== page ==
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RE: Masonry Expansion Joints

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You need to differentiate between expansion joints and control joints.  I
generally run the top bond beams through control joints.  

I had this conversation some time ago with some people at the NCMA.  The
issue gets more complicate when you consider out of plane loads.  

The general opinion is that you want to use a beam and column analogy for
gravity and out of plane loads and reinforce accordingly.  The joint should
occur as close as possible to the opening and the beams and columns should
be sized and reinforced appropriately.

If the masonry is cladding with a stud back-up, the out of plane load is
resisted by the studs.  The gravity load of the lintel (usually an angle)
should bear on about 8 inches of masonry.

Harold Sprague, P.E.
The Neenan Company

-----Original Message-----
From: BSmithSE(--nospam--at) [mailto:BSmithSE(--nospam--at)]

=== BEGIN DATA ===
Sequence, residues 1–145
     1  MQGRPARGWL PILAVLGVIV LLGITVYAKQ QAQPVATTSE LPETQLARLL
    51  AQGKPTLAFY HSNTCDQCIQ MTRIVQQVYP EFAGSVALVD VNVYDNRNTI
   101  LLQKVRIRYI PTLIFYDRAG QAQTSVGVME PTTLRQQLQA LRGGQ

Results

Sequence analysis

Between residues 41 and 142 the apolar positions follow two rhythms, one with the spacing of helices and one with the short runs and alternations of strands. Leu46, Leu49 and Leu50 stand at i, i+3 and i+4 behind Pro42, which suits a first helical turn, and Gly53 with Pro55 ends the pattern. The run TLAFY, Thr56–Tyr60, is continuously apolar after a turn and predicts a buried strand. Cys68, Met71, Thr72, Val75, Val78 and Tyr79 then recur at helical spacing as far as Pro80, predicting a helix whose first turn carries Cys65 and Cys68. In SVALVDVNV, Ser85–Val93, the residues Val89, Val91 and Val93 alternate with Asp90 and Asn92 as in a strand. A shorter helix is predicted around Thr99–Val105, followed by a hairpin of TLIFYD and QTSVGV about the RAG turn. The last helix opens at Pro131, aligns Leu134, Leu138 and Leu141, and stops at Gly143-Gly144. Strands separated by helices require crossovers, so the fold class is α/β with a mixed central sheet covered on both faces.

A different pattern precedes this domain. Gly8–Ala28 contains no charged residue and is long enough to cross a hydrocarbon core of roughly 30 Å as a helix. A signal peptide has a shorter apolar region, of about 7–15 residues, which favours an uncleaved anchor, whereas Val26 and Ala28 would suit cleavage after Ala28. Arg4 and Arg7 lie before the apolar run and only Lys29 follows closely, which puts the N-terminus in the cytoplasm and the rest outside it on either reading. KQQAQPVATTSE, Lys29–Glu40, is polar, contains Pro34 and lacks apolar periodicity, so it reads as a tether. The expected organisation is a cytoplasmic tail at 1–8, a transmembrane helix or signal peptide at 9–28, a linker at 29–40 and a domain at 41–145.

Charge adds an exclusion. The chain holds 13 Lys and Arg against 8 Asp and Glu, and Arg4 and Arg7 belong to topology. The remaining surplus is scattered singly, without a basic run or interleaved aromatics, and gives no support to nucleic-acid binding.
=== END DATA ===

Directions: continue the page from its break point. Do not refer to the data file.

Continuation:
Sent: Tuesday, December 08, 1998 11:21 PM
To: seaint(--nospam--at)
Subject: Re: Masonry Expansion Joints

The discussion of masonry reinforcing reminded me of expansion joint I saw
Mesa Arizona while visiting folks who retired there.  It was at a tract of
single family residences built with masonry exterior walls and wood roofs.
noticed that the vertical expansion joints were located at one end of
glass door openings.  The location made sense since this is at the weak link
of thermal contraction.  But how do lintels for the openings find bearing
the expansion joint at the end?  

Perhaps the expansion joints I saw aren't true expansion joints and that all
the horizontal reinforcing continues through?

In my practice, vertical expansion joints are indicated on masonry wall
elevations (I use 2x wall height as the maximum spacing as Jim Amhrein once
recommended).  However, when there are numerous door and window openings,
locating the expansion joint between the openings seem futile.  I should
to locate the expansion joint at the edge of an opening.  

Any thought?

Brad Smith